While running a small business can keep you busy, preparing for tax time gives you another challenge. If you haven’t kept accurate and updated business records, you could run into more headaches.
To properly determine your business’s profit or loss, you’ll need to have documents that show all your sources of income, any purchases made, and any expenses. You’ll also need to report changes in any property you own as well as finances related to hiring your staff.
Read on to learn six types of business records you must keep as a small business owner.
1. Proof of Income Received
Documentation showing income received will differ depending on the type of business you run. But you can often rely on deposits shown on bank statements, invoices, and cash register tapes.
If you’re an independent contractor, you may also receive IRS Form 1099-MISC from one or more clients. This will report your non-employee compensation.
2. Documentation for Expenses
As a business owner, you’ll likely have expenses for your office, supplies, travel, utilities, equipment, labor, insurance, and other items.
Invoices, receipts, and credit card statements are all helpful documentation you should keep. Other examples include canceled checks and statements from online purchasing platforms like PayPal.
3. Prior Tax Returns
Your business should have at least the last three years of tax returns. Not only might you refer to it when completing future returns, but it can come in handy if the IRS audits you or asks you about an item on the return.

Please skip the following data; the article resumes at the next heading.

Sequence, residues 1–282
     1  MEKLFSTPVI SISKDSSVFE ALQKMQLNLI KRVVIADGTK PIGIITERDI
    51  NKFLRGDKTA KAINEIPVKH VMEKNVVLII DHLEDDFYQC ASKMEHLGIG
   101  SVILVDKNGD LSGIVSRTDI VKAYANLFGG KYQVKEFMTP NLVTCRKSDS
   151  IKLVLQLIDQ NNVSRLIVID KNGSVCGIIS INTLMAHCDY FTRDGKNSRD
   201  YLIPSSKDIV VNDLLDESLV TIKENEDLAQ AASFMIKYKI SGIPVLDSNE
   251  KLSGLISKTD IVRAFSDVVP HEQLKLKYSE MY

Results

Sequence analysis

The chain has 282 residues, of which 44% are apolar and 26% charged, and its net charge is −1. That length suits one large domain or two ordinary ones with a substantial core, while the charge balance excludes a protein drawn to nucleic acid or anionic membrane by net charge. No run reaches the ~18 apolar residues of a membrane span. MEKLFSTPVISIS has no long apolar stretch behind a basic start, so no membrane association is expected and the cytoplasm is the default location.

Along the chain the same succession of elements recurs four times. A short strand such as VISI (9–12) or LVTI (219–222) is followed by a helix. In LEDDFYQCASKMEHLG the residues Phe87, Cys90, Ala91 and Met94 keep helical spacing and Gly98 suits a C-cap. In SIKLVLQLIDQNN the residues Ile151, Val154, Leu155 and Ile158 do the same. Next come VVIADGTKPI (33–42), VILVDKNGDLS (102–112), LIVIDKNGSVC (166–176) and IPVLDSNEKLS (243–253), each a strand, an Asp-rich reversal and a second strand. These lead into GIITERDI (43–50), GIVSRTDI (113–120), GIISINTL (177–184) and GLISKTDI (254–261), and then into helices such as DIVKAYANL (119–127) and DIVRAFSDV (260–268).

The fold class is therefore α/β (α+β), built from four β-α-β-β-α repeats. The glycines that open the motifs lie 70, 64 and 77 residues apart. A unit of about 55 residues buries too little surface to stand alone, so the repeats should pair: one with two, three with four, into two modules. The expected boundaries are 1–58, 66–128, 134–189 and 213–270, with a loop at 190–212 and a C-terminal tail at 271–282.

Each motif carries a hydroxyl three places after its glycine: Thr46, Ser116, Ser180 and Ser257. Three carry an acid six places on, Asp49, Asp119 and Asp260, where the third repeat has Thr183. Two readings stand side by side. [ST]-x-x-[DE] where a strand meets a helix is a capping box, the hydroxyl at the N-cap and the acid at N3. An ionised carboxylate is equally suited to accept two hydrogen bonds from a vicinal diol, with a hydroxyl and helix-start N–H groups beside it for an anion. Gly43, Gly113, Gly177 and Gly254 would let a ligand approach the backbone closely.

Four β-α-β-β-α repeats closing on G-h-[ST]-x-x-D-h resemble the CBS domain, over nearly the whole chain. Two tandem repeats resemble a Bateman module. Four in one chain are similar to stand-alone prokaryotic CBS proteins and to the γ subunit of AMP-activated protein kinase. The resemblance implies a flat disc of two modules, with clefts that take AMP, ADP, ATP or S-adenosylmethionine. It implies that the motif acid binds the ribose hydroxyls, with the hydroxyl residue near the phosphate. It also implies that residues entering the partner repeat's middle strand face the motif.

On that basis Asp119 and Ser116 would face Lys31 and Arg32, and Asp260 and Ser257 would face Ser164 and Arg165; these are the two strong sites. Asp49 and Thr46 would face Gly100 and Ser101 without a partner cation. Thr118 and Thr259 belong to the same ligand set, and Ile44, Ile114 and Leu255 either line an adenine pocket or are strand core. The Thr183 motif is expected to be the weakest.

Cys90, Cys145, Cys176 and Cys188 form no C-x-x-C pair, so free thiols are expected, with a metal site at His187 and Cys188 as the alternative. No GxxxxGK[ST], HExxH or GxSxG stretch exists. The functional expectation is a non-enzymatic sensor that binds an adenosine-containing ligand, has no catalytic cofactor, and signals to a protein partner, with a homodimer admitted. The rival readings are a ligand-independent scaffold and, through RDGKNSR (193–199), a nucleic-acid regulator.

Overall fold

Your past tax returns also have your business’s profit-and-loss statement. You can compare this to other years for tax planning purposes.
4. Employment Tax Forms
If you hire independent contractors or regular employees, you’ll need to keep the important documents that show the money paid to them along with any taxes paid.
You’ll issue and maintain W-2 forms for part-time and full-time employees, so it helps to learn about W2 Forms. You’ll also need to issue and keep IRS Form 1099-MISC for contractors who reach the $600 threshold.
5. Documentation for Assets
The IRS will ask about the property, machinery, and other items you’ve purchased for long-term business use. Keep any documents showing when you bought these assets and how much they originally cost.
You’ll also need to keep records of any sales and disposals as well as regular depreciation.
6. Records for Purchases Made
If you operate a business like a store or manufacturing company, you’d buy parts and materials to build your products, or you buy finished items to resell. In either case, you’ll need to keep checks, receipts, invoices, and bank statements that show materials purchases.
Keep These Important Business Records
Both for the purposes of tax preparation and financial management, keep these business records for at least three years after you file your taxes. The IRS recommends extending the period to six or seven years for issues like unreported income or bad debts.
If you worry about maintaining a stack of paper at your business, consider using the digital option. You can often get electronic versions from your accountant. You can also scan documents to your computer or to a secure cloud service.
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